"Inline-HR on Marlow FM"
Thursday, June 23rd. Whichever way your voted, this date will, along with a majority of the adult population, be etched on your mind.
Lots has been written about Brexit and the impact and effect that it will have on UK businesses, posing an endless outpouring of unanswerable questions alongside the political and economic uncertainty, and in the absence of available facts, resulting in a myriad of speculation. That uncertainly is likely to continue for some time as we enter unchartered waters.
EU employment law by definition of our relationship with Europe, has impacted on the implementation of UK employment law; the departure of the UK from the EU will therefore naturally have an impact on how employment law is affected in the future.
Most European law comes about through directives, which in turn the UK has had to implement and which is typically done through regulations.
Whilst the EU has been instrumental in its role of shaping UK Employment Law, there has also been a significant amount of home-grown legislation which has seen employees benefitting from extended rights and further, where the UK has taken the initiative to increase the extent to which some EU employment law has been applied, for example the Working Time Regulations directive requires us to have 20 days’ paid leave as a minimum – this has been extended in the UK to give 28 days.
Another example is the extended maternity rights, which provide for a more generous paid maternity leave than is required by the EU.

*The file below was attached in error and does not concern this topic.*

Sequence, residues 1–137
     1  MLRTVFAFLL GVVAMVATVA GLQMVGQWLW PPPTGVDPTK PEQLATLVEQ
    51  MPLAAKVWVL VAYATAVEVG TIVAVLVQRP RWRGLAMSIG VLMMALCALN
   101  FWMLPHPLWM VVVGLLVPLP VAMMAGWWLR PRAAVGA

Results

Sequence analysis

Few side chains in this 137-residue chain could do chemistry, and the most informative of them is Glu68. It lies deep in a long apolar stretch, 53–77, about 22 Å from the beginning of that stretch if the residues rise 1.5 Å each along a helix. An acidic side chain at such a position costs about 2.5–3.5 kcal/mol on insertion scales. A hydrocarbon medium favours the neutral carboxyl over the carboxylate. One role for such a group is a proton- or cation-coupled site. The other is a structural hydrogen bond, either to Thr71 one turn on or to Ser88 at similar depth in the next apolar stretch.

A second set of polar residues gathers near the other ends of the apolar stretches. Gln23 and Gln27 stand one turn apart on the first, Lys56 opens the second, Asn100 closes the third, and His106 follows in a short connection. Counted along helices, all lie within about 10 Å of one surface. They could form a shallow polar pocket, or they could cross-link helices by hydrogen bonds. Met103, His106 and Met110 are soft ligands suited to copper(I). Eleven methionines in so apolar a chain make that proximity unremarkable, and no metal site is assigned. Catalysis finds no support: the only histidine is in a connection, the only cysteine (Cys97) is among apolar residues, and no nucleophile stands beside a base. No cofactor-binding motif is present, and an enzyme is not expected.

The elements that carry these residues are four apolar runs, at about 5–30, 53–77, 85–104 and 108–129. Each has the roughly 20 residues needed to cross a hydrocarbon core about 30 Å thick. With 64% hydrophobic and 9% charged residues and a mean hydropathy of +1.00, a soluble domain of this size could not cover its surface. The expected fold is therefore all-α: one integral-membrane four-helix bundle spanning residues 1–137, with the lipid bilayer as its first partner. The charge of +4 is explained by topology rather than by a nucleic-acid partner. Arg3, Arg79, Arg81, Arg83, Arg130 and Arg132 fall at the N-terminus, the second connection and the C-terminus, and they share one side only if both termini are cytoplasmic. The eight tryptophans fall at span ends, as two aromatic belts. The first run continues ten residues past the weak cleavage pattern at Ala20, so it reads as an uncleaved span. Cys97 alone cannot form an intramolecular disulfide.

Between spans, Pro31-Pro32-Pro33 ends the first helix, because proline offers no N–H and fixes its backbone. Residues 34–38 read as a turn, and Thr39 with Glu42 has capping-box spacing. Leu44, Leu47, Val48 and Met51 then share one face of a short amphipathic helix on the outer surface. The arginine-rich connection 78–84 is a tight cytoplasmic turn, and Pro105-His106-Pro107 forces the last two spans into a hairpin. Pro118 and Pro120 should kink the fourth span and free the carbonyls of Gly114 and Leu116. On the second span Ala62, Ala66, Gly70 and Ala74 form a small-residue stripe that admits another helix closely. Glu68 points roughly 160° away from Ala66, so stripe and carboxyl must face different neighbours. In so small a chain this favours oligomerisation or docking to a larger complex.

It is anticipated that new laws will be added to agreements on a case by case basis and equally, a slow drip of deregulation from existing employment laws where it is considered appropriate.
One of the key areas for HR practitioners is the role of the European Court of Justice (ECJ) which is hugely influential on how employment law is interpreted and applied.
How and to what effect leaving the EU will have in reality on UK Employment Law will be closely watched and we will of course bring you up to date with any changes that will, or could, affect your business. There are inevitably differing opinions on this, but as a general principle, the view is that ECJ judgements remain case law until the UK either repeals through new legislation or it is overturned by decisions of our higher courts.
Alongside employment law, the other significant concern that has been debated at length is the free movement of people and how this will be affected by the decision to leave the EU. Currently, free movement and employment law continue to apply as they did pre-June 23rd.
Future immigration may be in doubt and this will remain a key focus area, determined by the agreed Brexit terms. With just over 2 million EU nationals working in the UK and just over 1 million British nationals living in the rest of the EU, it is not envisaged that there will be change in the short to medium term. Interestingly, the number of EU nationals employed in the UK grew by almost 90,000 in the 3 months leading up to the EU Referendum according to the latest figures released by the Office of National Statistics.
We are still awaiting confirmation on when Article 50 will be invoked, from which there will be two-year notice period, during which time the UK will have to extricate itself from the EU and configure relationships with individual member states in a bid to retain existing trade links. Quite when that will happen appears to be up for continued debate.
For more information on how Brexit could impact or affect your business and your employees, contact us at email@example.com or call us on 01296 761940.